Advertisement

The Japanese journal of surgery

, Volume 20, Issue 4, pp 392–405 | Cite as

The significance of serum mitochondrial aspartate aminotransferase activity in obstructive jaundice: Experimental and clinical studies

  • Eishin Sada
  • Seiki Tashiro
  • Yoshimasa Morino
Original Articles

Abstract

The serum level of mitochondrial aspartate aminotransferase was determined in experimental and clinical obstructive jaundice, using an immunoabsorbance method which allowed the differential determination of cytosolic and mitochondrial isozymes in the serum. In experimental obstructive jaundice using dogs, the serum mitochondrial aspartate aminotransferase value rapidly decreased to normal after biliary decompression following a period of biliary obstruction of within 3 weeks. On the other hand, when the period of jaundice was prolonged for 5 weeks, the activity of the enzyme after biliary drainage still continued to show high values, being 14.2±1.8 Karmen units at 4 weeks following biliary decompression. Determination of aspartate aminotransferase activity in tissue from such organs as the liver, heart, kidney, skeletal muscle and brain, as well as serum samples with drawn from local veins, confirmed that high serum values of the enzyme in experimental obstructive jaundice were mostly attributable to hepatic impairment induced by biliary obstruction not by secondarily damaged tissues of other organs. Mitochondrial aspartate aminotransferase proved to be a more useful marker than other routine tests in icteric dogs. In 13 clinical patients with obstructive jaundice, decreasing rates of serum mitochondrial aspartate aminotransferase on the 7th and 14th postoperative days could be applied to evaluate the viability of the icteric liver. The decreasing rates were more advantageous than the preoperative activity itself in predicting the postoperative function of the liver. Thus, mitochondrial aspartate aminotransferase appears to serve as a useful marker for assessing the liver function in obstructive jaundice.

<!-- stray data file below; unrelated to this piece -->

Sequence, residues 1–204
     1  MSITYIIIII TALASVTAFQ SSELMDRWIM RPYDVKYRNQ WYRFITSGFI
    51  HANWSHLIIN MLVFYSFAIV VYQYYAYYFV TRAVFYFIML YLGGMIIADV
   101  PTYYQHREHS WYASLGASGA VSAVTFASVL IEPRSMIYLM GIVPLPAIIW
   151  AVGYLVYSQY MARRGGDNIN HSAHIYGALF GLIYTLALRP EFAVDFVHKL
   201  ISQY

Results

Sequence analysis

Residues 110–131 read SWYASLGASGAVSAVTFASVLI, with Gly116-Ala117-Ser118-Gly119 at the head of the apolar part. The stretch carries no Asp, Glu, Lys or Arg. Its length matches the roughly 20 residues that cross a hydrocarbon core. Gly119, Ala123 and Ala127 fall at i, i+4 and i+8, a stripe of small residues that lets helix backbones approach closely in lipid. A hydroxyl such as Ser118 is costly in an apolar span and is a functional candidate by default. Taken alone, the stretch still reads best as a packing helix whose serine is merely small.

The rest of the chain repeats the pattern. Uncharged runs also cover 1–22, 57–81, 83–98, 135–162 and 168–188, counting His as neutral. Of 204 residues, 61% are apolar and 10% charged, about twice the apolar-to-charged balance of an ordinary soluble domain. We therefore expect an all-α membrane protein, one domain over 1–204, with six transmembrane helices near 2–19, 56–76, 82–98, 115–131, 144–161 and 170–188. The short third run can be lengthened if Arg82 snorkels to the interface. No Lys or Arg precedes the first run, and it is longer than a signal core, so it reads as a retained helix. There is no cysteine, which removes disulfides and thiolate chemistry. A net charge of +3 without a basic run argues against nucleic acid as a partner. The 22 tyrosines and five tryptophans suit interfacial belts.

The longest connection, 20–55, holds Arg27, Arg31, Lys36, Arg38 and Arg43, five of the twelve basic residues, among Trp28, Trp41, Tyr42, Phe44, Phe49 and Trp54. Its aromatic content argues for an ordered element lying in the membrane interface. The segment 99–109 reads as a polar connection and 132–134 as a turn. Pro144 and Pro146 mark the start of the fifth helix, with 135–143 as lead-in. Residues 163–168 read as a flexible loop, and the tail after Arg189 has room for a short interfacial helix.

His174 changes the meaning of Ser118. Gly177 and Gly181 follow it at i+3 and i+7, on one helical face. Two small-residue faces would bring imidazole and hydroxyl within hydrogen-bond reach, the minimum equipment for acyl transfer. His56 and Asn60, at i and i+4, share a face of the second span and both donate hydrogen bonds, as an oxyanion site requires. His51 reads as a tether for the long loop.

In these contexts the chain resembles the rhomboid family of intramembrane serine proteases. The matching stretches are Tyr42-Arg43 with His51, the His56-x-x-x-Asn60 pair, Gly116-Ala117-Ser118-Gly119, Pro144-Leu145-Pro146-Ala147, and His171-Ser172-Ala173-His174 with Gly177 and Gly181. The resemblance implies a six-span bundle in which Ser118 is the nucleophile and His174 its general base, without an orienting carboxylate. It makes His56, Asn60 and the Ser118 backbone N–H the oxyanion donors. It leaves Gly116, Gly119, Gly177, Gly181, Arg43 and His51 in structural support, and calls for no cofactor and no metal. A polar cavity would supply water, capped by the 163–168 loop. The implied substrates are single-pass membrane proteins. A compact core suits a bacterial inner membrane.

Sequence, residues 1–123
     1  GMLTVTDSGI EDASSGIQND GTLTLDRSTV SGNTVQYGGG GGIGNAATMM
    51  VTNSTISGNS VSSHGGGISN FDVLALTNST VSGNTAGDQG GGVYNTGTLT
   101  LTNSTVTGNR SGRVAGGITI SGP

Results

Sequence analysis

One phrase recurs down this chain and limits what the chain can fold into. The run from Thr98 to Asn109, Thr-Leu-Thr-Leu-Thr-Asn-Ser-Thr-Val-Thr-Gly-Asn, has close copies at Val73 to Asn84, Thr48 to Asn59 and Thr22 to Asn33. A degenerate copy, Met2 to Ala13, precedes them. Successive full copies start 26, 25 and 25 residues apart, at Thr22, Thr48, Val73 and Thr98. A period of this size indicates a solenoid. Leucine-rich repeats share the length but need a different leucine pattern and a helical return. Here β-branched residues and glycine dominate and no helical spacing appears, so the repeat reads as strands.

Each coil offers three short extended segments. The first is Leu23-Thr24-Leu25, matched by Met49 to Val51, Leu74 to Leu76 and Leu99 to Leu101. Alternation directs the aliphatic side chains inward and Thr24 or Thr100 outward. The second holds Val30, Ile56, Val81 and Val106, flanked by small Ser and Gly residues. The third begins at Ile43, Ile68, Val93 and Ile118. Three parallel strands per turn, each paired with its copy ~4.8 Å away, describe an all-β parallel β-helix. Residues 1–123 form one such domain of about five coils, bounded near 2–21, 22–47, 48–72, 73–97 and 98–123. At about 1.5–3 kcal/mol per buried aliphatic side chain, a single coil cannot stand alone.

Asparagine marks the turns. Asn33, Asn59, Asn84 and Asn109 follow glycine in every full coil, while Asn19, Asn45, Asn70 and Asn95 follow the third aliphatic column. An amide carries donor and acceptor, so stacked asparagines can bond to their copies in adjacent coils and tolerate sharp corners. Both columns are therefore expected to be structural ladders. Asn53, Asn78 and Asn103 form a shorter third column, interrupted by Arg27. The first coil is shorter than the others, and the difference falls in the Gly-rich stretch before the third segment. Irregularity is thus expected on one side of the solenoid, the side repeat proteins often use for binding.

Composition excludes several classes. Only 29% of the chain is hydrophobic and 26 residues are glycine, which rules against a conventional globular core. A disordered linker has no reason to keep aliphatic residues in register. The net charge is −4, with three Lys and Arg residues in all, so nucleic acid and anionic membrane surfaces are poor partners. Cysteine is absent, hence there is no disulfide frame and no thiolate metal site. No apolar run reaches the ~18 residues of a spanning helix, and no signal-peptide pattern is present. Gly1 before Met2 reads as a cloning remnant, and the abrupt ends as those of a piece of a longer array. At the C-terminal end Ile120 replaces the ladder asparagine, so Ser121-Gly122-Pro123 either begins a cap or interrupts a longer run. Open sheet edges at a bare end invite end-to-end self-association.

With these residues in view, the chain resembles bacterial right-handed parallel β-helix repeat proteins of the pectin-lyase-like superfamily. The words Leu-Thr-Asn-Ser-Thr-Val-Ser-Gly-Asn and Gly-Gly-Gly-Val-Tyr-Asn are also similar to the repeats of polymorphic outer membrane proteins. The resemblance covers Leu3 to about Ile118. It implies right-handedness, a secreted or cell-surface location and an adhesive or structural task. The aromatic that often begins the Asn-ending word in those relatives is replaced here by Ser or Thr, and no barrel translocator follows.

Key Words

biliary decompression liver function test mitochondrial aspartate aminotransferase 

Preview

Unable to display preview. Download preview PDF.

Unable to display preview. Download preview PDF.

References

  1. 1.
    Moody FG, Rikkers LF, Aldrete JS. Estimation of the functional reserve of human liver. Ann Surg 1974; 180: 592–598.PubMedGoogle Scholar
  2. 2.
    Ozawa K, Yamaoka Y, Kitamura O, Nambu H, Kamiyama Y, Takeda H, Takasan H, Honjo I. Clinical application of cytochrome a (+a3) assay of mitochondria from liver specimens: An aid in determining metabolic tolerance of liver remnant for hepatic resection. Ann Surg 1974; 180: 868–876.PubMedCrossRefGoogle Scholar
  3. 3.
    Fleisher GA, Potter CS, Wakim KG. Separation of 2 glutamic-oxalacetic transaminases by paper electrophoresis. Proc Soc Exp Biol Med 1960; 103: 229–231.PubMedGoogle Scholar
  4. 4.
    Boyde TRC, Latner AL. Starch-gel electrophoresis of transaminases in human tissue extracts and sera. Biochem J 1962; 82: 51.Google Scholar
  5. 5.
    Awapara J, Seale B. Distribution of transaminases in rat organs. J Biol Chem 1952; 194: 492–502.Google Scholar
  6. 6.
    Björkerud S, Björntorp P, Scherstén J. Lysosomal enzyme activity in human liver in relation to the age of the patient and in cases with obstructive jaundice. Scand J Clin Lab Invest 1967; 20: 224–230.Google Scholar
  7. 7.
    Ishida A. Solubilization and partial purification of cytochrome P-450 from hepatic microsomes of phenobarbital treated rat. Kumamoto Med J 1976; 29: 134–145.PubMedGoogle Scholar
  8. 8.
    Hogeboom GH, Schneider WC, Pallade GE. Cytochemical studies of mammalian tissues. 1. Isolation of intact mitochondria from rat liver; some biochemical properties of mitochondria and submicroscopic particulate material. J Biol Chem 1948; 172: 619–635.PubMedGoogle Scholar